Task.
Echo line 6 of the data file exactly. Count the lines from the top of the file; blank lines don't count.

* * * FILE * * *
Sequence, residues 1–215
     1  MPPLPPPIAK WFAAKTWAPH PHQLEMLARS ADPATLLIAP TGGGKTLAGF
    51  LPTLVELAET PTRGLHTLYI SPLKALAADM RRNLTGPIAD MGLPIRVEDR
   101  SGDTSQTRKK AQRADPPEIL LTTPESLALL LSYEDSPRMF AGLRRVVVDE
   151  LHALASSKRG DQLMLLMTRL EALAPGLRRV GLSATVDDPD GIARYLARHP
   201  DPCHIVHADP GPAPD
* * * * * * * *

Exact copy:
   201  DPCHIVHADP GPAPD